Roger Ebert,

Roger Ebert,

A weeklong electronic journal.
April 10 1998 3:30 AM

Roger Ebert,

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     Studs Terkel approaches the podium like a confident fighter sizing up his opponent. He's here to speak at the Conference on World Affairs. Songs by Woody Guthrie and Pete Seeger have softened up the audience. He talks without notes but never hesitates for a word, forming his sentences like a musician, punching and circling. He's wearing a neck brace. He twisted his neck, he explains, stumbling over a barbell on his way to the bathroom. He says it makes him look like Erich von Stroheim in Grand Illusion.      That sets him off on a riff about Jean Renoir, war, the French, movies ... he's improvising like a jazzman. He's tired of hearing about Monica Lewinsky. "We're getting ready to bomb civilians in the Middle East, and all Wolf Blitzer can ask about is sex." He's disillusioned by Clinton. "The New Democrats are old Young Republicans." He evokes the 1960s, "the last decade when the young people were not concerned primarily with themselves." Were you at Woodstock? asks a student. "I wish I had been," he says, and quotes Joan Leslie: "The 1960s are put down by those who delight in the failure of dreams."      Studs is Old Left, proudly. He tells the story of a yuppie couple he encounters at the bus stop every day, who ignore him. He mentions that Labor Day is approaching. "I loathe labor unions," the man tells him. "How many hours a day do you work? A week?" asks Studs. "If it weren't for some guys who were hanged here in Chicago, at the Haymarket, and a lot of people who walked the picket lines, you might be working six, seven days, 80 hours, like your grandparents." The couple fled wordlessly onto the bus, Studs says, and now in the mornings he pictures them looking warily out the window of their 40th-floor apartment, "to see if that old nut is still hanging around the bus stop."      He gets a standing ovation. He was invited only a couple of weeks ago, to pinch hit after Madeleine Albright canceled. The audience doesn't look like it misses her. "I've sold 30 of his books this week," Dick Schwartz, who runs the Stage House used-book store, tells me.      I've known Studs since 1967, when he asked me to drive the car as he gave Doris Lessing a two-day tour of Chicago. Studs doesn't drive. "I've barely mastered the tape recorder," he says. Garry Wills calls him America's father confessor. In Chicago he is also our rabbi, priest, coach, and union organizer. Certain kinds of events are unthinkable without him. When Mike Royko died and they held the memorial service in Wrigley Field, Studs planted himself on the third base line and led us through our memories. When Bob Gibson, the folk singer, wasting away with an incurable neurological disease, booked a meeting room in a North Shore hotel to say goodbye to all his friends, Studs emceed the hootenanny.      After the speech, we drive into the mountains to the Red Lion Inn for dinner. Rocky Mountain trout, potato soup, buffalo steak. Molly Ivins sits next to Studs, and they trade stories about the Mitford sisters. Molly was a friend of Jessica's. Studs knew them all, "even the one who married Oswald Mosley, the fascist--I wish I had interviewed him. I have so many stories of people who started out wrong and went right. He started out right and went wrong. Fascinating."      Molly tells Studs about the time she took Jessica Mitford on the tour of the Death Museum in Houston for research on a revised edition of The American Way of Death. "It was very multimedia. They had some Egyptian dummy in a sarcophagus, wrapped in tinfoil. We pushed a button, and a deep TV voice said, 'The cult of embalming was first invented by the ancient Egyptians.' Jessica said, 'Now there was a culture in which they let the funeral directors get completely out of control.' "      In the crisp night air, we stand next to a stream in the starlight. Yesterday, Studs says, he emceed the benefit for Michael Moore's The Big One, "about downsizing, which is the nice word for mass firings." Tomorrow night, he says, he's speaking at the anniversary tribute to Paul Robeson in Chicago. Studs is 86. He likes being old. He wouldn't have missed it. "Why are we so afraid of age and death? I had a friend who walked into the funeral home, and they'd painted his father like a kewpie doll. He got a towel and soap and water and washed it all off, until you could see every wrinkle. My friend said he put those wrinkles there--he and his mother and his brothers and sisters: 'They're the proof that we existed.' "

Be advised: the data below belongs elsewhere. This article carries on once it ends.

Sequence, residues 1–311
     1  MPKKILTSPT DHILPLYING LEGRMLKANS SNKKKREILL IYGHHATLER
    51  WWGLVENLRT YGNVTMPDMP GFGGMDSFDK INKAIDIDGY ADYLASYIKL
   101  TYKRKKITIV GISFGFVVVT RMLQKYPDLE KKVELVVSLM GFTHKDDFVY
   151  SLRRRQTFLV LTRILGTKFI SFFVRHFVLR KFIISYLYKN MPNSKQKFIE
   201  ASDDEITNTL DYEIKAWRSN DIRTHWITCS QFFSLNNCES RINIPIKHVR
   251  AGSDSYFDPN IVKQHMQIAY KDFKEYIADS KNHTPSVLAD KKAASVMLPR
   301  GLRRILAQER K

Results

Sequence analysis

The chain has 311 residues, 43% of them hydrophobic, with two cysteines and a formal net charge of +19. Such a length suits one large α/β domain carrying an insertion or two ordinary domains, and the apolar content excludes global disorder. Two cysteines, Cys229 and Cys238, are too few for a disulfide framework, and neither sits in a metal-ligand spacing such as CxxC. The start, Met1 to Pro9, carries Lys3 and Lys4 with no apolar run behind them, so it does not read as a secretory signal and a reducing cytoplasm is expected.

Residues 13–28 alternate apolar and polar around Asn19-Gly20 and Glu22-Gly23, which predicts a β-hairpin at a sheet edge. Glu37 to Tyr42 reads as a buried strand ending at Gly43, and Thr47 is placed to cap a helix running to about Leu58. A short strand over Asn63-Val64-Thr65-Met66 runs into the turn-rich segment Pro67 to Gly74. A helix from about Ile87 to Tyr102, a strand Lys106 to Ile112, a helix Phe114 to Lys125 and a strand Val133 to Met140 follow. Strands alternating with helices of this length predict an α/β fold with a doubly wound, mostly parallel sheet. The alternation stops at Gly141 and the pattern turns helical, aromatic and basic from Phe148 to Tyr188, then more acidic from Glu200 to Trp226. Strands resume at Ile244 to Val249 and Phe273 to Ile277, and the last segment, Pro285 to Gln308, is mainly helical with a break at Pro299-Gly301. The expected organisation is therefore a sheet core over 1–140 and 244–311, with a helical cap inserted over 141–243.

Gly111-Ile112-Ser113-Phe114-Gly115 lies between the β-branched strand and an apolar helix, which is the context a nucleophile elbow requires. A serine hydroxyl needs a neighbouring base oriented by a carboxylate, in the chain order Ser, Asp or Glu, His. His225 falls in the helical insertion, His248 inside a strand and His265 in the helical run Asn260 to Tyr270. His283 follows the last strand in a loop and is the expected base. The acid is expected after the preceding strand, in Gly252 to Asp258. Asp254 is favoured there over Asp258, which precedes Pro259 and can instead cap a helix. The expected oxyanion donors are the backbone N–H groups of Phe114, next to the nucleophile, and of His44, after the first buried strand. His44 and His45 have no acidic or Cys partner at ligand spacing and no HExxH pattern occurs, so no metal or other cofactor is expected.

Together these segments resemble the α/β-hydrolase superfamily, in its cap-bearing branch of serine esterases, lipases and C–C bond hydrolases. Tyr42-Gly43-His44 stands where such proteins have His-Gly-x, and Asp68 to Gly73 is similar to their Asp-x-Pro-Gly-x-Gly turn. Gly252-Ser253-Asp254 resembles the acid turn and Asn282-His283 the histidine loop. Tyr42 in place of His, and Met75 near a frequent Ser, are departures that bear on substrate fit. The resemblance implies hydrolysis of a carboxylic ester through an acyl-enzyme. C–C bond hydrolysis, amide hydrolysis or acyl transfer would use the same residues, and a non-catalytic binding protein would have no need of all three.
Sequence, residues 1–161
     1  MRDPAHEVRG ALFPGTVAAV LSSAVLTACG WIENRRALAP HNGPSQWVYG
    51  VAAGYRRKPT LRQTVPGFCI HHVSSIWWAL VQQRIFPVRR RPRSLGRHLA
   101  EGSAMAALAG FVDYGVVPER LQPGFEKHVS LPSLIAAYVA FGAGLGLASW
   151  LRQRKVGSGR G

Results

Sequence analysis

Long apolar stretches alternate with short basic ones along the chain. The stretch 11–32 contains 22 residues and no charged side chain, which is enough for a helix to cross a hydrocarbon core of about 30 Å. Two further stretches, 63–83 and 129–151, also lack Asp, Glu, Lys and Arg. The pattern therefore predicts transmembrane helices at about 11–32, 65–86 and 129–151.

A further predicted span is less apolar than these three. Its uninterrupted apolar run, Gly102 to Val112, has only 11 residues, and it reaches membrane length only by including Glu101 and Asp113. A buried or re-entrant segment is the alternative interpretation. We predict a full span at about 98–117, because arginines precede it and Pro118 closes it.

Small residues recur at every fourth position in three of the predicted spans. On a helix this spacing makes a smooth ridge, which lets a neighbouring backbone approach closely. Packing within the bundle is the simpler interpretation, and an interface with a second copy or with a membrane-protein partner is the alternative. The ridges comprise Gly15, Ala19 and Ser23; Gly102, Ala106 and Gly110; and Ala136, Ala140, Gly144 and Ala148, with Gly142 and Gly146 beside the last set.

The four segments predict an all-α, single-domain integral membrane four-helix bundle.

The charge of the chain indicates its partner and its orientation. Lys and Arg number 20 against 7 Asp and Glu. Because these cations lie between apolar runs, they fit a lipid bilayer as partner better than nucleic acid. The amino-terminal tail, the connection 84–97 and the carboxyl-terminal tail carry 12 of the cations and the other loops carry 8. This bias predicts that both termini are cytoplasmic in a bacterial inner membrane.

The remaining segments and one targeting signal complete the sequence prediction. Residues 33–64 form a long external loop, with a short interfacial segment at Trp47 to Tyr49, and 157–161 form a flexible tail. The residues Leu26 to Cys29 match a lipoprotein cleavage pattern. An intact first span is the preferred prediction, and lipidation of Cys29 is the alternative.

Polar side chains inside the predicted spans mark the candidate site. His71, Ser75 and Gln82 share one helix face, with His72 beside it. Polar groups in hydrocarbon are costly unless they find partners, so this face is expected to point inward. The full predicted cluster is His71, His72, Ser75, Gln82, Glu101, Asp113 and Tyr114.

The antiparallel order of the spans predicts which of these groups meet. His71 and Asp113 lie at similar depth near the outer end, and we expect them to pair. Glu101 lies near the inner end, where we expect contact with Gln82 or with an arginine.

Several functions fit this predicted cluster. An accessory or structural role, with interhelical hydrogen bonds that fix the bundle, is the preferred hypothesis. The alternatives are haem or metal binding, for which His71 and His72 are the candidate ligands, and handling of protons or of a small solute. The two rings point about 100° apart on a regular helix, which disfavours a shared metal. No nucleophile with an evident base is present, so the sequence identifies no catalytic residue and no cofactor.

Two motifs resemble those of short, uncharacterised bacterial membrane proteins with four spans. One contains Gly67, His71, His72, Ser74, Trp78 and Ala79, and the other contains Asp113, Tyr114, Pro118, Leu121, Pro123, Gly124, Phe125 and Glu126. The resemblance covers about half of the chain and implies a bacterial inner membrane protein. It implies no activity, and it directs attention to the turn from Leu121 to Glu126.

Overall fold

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       Photo by Andy Ihnatko.

Roger Ebert is film critic for the Chicago Sun-Times and co-host of the television program Siskel & Ebert.